Anyway, pull one of them from a distance and as long as you’re more than fifteen feet away then many-a-time just the one guard will run off down the hill as the other one stays put. You then proceed to slaughter the guard, with up to five or six of you ganging-up and making the poor fellow literally explode in a crimson blossom of corpse petals along with all the associated death wails and blood-curdling, ear-ravaging battle cries (although the latter is usually just me on Skype, I tend to get a bit carried away when playing as a dwarf) whilst their colleague stands at the gate and doesn’t bat an eyelid. You can imagine them standing at the gate when their friend runs off down the hill, and they’re calling “Doug? Doug?! Where are you going? Fine, sod you then if you’re not going to tell me!”, and then when their colleague is screaming in agony and to all twelve gods of the Umbra to save them, the guard back on the gate is saying “No Doug, I’m not coming now. You had your chance, but you chose to run off and ignore me. I’m not interested now, whatever it is”. Of course, five seconds later the remaining guard does find out what it is. And that it hurts very much.

And when the band of adventurers approaches and gets within his mole-like eyesight range, does he raise the alarm for the rest of the camp like any sane guard would? Does he run like the wind and try to get help? No, he takes the party on single handed, and finally when he’s almost dead, with an axe buried up to the hilt in his skull with half of his body on fire and the other half frozen in ice, only then does he think:

“You know what, it probably isn’t nothing.”

Full of emptiness and wrath

World of Warcraft: The Next Ten Levels (or Wrath of the Lich King if you prefer) was announced on Friday, and burst over the blag-u-spore with a crashing wave of… meh. Or perhaps bleh, and a bit of blah, and a touch of hrrrm, a dash of hrng and 3/16 fl. oz. (that’s 0.2 teaspoons, or one microbucket) of other onomatopoeic expressions of not being particularly impressed.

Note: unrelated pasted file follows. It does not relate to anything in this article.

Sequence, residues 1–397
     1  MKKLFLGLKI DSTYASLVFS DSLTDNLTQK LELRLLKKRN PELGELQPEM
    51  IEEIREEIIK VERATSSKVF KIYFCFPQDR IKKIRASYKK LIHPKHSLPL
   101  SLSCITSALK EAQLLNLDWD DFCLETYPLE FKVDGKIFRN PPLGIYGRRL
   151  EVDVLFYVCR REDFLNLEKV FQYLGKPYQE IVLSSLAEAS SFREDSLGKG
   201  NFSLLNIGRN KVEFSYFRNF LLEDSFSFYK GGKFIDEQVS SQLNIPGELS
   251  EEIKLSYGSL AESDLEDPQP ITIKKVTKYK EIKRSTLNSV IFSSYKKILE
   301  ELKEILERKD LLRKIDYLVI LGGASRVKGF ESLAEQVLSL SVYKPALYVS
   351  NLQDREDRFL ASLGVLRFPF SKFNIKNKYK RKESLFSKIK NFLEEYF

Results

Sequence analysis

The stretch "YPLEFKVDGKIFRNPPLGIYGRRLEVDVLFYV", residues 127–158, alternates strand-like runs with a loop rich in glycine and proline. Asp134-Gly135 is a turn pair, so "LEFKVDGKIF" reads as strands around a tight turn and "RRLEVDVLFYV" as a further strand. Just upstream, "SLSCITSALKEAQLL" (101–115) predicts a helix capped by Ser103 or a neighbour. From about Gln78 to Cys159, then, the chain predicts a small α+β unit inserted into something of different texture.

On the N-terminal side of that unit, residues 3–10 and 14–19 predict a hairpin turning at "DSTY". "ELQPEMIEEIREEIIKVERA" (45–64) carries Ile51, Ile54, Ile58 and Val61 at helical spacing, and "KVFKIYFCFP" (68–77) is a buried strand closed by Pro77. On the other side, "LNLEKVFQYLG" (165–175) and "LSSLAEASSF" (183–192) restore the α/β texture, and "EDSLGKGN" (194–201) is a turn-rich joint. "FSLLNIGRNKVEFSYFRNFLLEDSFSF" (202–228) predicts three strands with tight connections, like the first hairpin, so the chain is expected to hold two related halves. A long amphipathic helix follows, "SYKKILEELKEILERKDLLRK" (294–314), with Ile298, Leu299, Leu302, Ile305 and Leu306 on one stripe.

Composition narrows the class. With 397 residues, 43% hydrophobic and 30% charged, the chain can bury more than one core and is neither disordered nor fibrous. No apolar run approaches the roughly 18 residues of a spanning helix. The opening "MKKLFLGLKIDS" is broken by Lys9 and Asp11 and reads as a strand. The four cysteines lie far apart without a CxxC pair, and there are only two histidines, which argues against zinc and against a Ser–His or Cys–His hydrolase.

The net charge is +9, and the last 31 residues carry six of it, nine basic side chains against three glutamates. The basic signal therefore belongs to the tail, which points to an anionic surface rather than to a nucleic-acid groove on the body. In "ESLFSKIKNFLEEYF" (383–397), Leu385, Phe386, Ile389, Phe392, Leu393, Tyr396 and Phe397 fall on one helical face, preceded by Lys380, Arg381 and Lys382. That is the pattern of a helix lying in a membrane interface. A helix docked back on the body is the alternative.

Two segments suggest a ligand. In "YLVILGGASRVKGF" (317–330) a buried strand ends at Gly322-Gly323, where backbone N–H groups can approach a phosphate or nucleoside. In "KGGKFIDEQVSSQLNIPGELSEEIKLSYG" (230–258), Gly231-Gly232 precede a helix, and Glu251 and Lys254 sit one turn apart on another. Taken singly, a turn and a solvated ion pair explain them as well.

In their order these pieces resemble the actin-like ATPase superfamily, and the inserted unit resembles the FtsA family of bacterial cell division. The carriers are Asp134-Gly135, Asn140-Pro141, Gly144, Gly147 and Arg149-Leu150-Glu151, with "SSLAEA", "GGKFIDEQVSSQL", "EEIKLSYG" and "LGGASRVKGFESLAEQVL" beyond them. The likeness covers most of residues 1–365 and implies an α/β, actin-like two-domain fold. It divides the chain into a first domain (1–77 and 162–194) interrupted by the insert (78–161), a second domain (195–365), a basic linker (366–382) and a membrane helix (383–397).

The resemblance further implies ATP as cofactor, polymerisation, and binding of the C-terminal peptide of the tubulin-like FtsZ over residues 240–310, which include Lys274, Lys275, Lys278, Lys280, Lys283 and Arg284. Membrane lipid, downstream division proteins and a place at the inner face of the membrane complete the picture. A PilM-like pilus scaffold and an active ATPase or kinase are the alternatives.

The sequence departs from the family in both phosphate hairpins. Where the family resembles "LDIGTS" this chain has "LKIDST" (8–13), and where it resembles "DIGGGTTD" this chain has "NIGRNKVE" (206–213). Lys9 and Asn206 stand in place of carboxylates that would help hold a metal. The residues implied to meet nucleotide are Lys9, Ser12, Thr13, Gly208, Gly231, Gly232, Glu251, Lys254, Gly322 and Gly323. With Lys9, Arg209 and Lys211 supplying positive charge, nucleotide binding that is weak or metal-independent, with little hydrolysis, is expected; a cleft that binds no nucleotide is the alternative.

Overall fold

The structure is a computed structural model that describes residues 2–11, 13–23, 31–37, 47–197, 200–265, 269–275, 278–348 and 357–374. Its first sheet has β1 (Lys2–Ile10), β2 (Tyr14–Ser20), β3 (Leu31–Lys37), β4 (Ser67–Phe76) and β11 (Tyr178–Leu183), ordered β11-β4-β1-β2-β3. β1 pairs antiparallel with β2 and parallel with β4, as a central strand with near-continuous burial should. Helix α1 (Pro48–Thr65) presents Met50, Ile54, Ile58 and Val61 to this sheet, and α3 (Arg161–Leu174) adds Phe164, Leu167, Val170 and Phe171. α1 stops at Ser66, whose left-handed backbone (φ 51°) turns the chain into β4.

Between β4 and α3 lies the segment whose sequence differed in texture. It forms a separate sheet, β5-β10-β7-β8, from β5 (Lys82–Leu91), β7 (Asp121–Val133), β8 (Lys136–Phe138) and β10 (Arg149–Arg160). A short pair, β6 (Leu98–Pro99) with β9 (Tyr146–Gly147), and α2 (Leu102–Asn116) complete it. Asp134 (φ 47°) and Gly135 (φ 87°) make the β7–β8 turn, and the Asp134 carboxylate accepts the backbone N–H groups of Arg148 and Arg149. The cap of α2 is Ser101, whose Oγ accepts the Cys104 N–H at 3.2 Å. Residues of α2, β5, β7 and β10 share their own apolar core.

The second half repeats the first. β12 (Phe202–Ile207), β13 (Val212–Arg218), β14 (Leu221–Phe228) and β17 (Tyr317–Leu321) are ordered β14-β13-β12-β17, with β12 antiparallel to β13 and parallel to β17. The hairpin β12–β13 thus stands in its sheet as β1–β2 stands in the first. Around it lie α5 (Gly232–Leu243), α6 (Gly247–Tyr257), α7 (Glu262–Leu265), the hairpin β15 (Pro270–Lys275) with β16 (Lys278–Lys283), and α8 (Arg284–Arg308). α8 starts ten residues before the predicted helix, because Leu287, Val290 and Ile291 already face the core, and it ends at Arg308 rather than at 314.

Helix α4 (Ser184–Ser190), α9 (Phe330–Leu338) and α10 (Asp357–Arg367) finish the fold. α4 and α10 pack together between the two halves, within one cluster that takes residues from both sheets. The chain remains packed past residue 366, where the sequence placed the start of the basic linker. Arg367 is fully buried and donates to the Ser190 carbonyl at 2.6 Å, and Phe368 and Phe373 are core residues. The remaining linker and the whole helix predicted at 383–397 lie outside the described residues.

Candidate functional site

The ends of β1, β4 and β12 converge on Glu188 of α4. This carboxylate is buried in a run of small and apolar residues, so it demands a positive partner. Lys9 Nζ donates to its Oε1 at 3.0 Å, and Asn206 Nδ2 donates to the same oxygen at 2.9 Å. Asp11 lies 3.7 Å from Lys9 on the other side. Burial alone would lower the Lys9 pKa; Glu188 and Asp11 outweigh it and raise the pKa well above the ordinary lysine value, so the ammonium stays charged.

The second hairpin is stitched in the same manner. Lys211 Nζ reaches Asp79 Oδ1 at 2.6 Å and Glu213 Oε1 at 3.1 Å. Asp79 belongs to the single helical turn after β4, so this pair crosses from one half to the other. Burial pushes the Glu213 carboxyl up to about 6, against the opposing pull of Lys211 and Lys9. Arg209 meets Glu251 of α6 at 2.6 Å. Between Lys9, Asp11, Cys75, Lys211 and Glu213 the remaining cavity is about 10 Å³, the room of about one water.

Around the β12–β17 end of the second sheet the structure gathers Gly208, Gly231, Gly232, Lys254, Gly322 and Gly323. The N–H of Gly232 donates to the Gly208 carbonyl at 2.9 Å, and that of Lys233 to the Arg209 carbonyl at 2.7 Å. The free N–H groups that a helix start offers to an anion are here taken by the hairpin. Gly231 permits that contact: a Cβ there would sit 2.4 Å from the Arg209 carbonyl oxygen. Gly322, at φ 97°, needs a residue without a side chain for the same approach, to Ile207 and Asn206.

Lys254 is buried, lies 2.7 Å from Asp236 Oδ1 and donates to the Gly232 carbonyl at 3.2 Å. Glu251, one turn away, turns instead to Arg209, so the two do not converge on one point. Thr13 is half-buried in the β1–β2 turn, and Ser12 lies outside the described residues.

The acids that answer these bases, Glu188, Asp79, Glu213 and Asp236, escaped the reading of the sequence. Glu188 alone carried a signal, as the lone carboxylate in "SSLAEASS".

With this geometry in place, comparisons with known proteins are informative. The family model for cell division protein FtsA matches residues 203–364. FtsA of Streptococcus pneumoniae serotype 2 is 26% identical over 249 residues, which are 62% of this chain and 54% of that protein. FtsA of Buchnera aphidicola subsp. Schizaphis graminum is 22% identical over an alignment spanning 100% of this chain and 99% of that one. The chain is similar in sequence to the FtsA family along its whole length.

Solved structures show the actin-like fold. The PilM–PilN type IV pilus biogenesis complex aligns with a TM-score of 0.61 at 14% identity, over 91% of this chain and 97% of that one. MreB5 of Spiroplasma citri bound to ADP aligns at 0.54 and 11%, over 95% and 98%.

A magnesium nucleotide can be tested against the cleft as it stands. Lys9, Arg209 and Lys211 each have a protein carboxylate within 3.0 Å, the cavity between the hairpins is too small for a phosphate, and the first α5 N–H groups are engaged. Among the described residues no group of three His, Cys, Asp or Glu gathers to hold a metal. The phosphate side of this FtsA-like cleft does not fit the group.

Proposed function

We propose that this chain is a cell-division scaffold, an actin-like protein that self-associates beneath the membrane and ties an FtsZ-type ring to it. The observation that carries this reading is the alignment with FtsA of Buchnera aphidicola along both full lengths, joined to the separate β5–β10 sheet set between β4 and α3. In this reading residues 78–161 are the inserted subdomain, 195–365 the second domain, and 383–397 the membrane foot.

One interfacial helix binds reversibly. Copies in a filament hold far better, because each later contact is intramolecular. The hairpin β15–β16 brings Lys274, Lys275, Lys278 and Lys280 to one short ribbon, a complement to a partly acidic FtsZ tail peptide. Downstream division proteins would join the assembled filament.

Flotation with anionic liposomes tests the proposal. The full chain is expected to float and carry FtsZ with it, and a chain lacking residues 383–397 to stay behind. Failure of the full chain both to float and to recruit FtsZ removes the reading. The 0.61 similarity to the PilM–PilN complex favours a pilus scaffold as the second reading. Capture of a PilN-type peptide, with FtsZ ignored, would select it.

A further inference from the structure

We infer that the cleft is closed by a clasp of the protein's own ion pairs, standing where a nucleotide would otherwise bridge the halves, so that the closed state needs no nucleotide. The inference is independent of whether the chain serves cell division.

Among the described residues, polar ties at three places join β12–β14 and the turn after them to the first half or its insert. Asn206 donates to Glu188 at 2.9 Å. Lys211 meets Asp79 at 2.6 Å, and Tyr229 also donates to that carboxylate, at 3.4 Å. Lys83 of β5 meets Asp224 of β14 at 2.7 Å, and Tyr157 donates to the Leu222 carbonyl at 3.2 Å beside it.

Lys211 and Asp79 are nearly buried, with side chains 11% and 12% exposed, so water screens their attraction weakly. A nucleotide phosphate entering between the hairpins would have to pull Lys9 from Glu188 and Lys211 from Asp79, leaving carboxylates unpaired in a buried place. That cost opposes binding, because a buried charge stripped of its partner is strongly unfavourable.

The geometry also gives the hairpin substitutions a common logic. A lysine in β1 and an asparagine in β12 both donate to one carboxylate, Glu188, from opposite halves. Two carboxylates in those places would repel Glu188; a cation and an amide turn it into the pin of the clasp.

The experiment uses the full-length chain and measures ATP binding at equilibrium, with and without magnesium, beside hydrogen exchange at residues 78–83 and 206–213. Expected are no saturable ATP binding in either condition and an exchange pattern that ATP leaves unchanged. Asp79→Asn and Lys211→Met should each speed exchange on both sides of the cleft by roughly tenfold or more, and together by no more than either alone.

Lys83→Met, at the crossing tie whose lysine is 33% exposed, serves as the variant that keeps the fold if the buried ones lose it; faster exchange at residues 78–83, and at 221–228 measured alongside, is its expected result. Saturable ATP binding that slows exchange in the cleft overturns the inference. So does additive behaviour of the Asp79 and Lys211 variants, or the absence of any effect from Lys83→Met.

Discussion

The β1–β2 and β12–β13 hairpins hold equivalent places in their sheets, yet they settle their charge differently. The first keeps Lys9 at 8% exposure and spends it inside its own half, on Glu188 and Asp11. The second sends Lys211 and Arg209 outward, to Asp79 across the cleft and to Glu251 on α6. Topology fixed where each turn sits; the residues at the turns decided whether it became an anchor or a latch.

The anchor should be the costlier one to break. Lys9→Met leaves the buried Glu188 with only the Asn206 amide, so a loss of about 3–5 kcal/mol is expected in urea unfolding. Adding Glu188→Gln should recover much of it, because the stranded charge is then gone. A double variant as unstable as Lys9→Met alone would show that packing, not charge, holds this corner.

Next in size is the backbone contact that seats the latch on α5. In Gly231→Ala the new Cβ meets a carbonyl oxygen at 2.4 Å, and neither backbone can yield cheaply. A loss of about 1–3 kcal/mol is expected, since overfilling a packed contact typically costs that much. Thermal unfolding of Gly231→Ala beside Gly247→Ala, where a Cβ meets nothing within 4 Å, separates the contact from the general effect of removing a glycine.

It’s not hard to understand the level of apathy, it doesn’t look like there’s anything particularly earth-shatteringly original in there yet. Then again, “if it ain’t broke, don’t fix it”, and nine million subscribers can’t be totally broken. The Death Knight could be interesting, the sketchy outline in the current wiki article sounds like runes might offer quite a flexible hybrid. Quite how they’ll crowbar an Alliance Death Knight into the lore I don’t know, but it’s already such a sprawl that a third undead faction who hate The Scourge and The Forsaken (but quite like the Alliance) wouldn’t be totally out of place. Inscriptions sound very much like Enhancements from City of Heroes, a bit of a tweak without changing anything too radically, not so different to slotting gems. An entire PvP zone, presumably including the siege weapons and destructible buildings mentioned, is the World PvP of TBC taken a bit further, and could suffer as badly as that does with faction imbalance. Customisable hair styles, though, woo!